LIVE: Peggy & Pete Seeger @ the Eighth Step at Proctors, 5/12/13

Pete Seeger and Peggy Seeger (photo by Rudy Lu courtesy of The Eighth Step)
Pete Seeger and Peggy Seeger (photo by Rudy Lu courtesy of The Eighth Step)

Review by Greg Haymes
Photograph (from soundcheck) by Rudy Lu

Peggy Seeger said it best with a new song that she had penned for her brother Pete’s 94th birthday. It kicked off the second half of the evening, and she was joined by Bill Vanaver on banjo, Happy Traum on guitar and quartet of Seeger family ‘n’ friends back-up singers as she settled down at the piano and sang, “It’s Pete. It’s Pete. Strummin’ his banjo, stampin’ his feet. That lanky man comes down your street, and what do you know… you’re singing.”

The sold-out audience at Proctors rose to their feet in a hearty standing ovation as soon as Pete Seeger ambled out onto the stage, and they were singing along – loudly and frequently in harmony – by the second line of the Seegers’ opening song – the time-honored “Worried Man Blues.”

The fans had come to see a bona fide living legend of American music, and they were not disappointed. Of course, for years now, Seeger has been a song-leader, rather than a singer. His voice is mighty ragged these days, often reduced to nothing more than a hoarse whisper – and that was compounded by problems with one of his vocal microphones during the first of their two hour-plus sets, (the technical difficulties were remedied for the second half). And, yes, he occasionally need a bit of coaching from Peggy to recall some of the lyrics.

But few in the audience seemed to mind. In fact, they seemed thrilled just to be altogether in his presence.

It was a multi-purpose concert – a belated birthday party for Pete Seeger (May 3); a 45th anniversary celebration for the venerable Eighth Step; and a benefit for Camp Killooleet, a children’s camp Hancock, Vermont, that was founded by the Seegers’ elder brother John.

Peggy mostly played guitar, but also took up the banjo and piano for several songs. Pete, meanwhile, alternated between his 12-string guitar and his long-neck banjo, as the two siblings swapped songs – and sometimes verses – back and forth throughout the night.

There were, of course, those classic Pete songs – “Turn, Turn, Turn” (with several additional children’s-oriented verses penned by Pete’s wife Toshi) and the rousing encore of “If I Had a Hammer.” Peggy’s spotlight numbers included the powerful anti-war song “The Ballad of Jimmy Massey,” a riveting performance of Ewan MacColl’s classic love song “The First Time Ever I Saw Your Face” and the feminist anthem “I’m Gonna Be an Engineer.”

Mostly Pete and Peggy sang together, accompanied by the nearly 3,000 voices in the crowd. We sang a number of old-school children’s folk songs – “She’ll Be Comin’ ‘Round the Mountain,” “Ristle-tee, Rostle-tee” and a wry take on “There’s a Hole in the Bucket” – union songs and humorous songs, as well as songs of freedom, feminism and civil rights.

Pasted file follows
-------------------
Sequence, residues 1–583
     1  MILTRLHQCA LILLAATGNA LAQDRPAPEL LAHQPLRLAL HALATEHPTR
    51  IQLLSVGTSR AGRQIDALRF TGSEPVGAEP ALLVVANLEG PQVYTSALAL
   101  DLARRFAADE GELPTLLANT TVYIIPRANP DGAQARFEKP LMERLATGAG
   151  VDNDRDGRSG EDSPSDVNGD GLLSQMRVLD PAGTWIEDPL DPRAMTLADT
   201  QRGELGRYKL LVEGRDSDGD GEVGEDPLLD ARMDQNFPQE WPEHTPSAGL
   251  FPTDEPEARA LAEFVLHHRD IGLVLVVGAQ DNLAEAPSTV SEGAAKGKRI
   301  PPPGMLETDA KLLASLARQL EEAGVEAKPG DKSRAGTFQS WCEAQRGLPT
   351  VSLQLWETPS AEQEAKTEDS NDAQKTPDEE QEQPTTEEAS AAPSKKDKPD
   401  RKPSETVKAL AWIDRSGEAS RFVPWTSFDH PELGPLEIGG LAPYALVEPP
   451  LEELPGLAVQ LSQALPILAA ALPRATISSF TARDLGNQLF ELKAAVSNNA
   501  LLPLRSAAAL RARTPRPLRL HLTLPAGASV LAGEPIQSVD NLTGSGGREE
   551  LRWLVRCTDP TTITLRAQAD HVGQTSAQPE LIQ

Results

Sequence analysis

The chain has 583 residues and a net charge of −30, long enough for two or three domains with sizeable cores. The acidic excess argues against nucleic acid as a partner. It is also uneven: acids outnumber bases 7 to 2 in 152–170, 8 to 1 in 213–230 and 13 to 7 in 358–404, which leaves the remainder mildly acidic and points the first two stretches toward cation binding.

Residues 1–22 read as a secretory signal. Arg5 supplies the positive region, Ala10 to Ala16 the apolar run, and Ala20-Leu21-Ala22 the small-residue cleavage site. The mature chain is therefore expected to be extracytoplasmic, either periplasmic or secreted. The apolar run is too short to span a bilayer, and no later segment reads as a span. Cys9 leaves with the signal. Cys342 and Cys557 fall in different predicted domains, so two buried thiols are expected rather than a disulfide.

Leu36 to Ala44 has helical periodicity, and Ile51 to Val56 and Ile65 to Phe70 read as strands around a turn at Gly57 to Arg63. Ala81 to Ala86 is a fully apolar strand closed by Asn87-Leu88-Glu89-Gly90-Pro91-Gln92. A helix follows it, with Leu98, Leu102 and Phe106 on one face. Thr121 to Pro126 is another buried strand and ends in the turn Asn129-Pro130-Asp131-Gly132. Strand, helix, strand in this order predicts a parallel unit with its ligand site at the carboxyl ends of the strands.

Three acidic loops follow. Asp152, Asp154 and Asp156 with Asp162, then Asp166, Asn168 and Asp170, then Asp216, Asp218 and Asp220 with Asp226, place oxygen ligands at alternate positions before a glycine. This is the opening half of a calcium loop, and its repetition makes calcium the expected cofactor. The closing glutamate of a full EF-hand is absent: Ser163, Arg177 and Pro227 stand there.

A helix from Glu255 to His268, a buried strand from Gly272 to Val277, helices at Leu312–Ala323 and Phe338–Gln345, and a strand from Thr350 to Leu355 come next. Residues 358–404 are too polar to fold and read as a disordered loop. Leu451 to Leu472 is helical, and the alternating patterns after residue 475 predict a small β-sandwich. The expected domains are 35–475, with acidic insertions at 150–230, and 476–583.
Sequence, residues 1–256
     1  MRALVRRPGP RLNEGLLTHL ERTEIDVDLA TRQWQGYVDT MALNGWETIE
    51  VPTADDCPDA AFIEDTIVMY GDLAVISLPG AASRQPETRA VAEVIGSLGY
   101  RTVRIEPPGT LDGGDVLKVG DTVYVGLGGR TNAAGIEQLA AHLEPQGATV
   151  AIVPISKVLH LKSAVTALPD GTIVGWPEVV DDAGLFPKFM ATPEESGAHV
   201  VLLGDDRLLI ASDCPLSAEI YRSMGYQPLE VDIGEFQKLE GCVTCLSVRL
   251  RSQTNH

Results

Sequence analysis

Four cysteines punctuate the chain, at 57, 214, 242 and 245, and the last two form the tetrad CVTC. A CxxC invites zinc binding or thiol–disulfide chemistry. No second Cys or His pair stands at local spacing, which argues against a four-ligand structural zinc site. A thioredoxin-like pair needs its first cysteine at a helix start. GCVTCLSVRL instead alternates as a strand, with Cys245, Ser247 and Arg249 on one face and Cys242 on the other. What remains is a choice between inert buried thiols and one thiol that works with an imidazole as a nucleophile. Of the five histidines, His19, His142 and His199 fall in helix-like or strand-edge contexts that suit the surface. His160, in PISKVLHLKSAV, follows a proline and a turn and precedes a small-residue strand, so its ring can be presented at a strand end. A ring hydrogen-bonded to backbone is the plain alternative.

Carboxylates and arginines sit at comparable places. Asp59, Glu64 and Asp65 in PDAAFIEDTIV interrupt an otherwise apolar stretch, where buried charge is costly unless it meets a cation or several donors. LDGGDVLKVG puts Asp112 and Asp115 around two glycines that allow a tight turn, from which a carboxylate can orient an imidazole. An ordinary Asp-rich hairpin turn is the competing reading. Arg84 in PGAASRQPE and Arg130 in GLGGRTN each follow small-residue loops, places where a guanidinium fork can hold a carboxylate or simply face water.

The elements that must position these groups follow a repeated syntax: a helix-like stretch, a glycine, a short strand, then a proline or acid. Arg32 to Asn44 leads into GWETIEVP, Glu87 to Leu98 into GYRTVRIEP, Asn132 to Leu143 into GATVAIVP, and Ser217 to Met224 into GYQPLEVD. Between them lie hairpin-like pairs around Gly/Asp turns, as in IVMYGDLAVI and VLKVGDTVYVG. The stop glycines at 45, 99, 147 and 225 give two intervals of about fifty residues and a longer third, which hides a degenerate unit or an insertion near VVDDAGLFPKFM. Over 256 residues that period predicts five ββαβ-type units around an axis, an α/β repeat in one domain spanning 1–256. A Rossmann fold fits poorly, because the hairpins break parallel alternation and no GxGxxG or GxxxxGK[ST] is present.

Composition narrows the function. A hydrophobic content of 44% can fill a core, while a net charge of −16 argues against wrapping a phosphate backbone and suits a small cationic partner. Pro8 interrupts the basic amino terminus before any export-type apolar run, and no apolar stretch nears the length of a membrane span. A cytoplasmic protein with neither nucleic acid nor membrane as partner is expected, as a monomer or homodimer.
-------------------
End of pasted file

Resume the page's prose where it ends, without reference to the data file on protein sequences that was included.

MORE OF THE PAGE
Clearly, the crowd had come to see Pete Seeger and show their appreciation for his years and years of music, as well as his social and environmental activism. Maybe only Pete and Peggy knew that the real star of the evening was the audience…

B.A. Nilsson’s review at Metroland
Excerpt from David Singer’s review at The Daily Gazette: “Seeger is amazingly sharp and capable for his age, standing for many of the songs, strumming a guitar or banjo, and leading the crowd in songs with dozens of verses. At one point in the first set, which lasted an hour, he recited Lincoln’s Gettysburg Address from memory. The moment he appeared on stage, the packed crowd rose to its feet to honor him with a lengthy and vigorous applause. Early in the show, he told us he never sang ‘Turn Turn Turn’ until ‘an electric band made it well-known. I’ve been singing it ever since.’ While his sister carried most of the guitar work through the night, he handled this one by himself. The crowd interrupted the song with applause when he sang, ‘a time for peace, I swear it’s not too late.’ He and Peggy rotated songs. Seeger’s tunes can feel like children’s songs — simple nursery rhymes — that delivered subtle and poignant social lessons. Peggy often used humor to get across her equally clever messages.”

Worried Man Blues
Ristle-tee, Rostle-tee
I’m Gonna Be an Engineer (Peggy)
You Old Fool
Turn, Turn, Turn
Everyone Knows (Peggy)
There’s a Hole in the Bucket
The Ballad of Jimmy Massey (Peggy)
Lincoln’s Gettysburg Address (spoken word – Pete)
I’m Stickin’ to the Union
It’s Pete (Peggy with Happy Traum, Bill Vanaver, more)
English Is Crazy (Josh White Jr.)
Henry Lee (Peggy)
She’ll Be Comin’ ‘Round the Mountain
Take It From Dr. King
The First Time Ever I Saw Your Face (Ewan MacColl) (Peggy)
The Erie Canal (E-Ri-E)
My Mother Is Younger Than Me (spoken word – Peggy)
Everything Changes (Peggy)
Quite Early Morning
If I Had a Hammer

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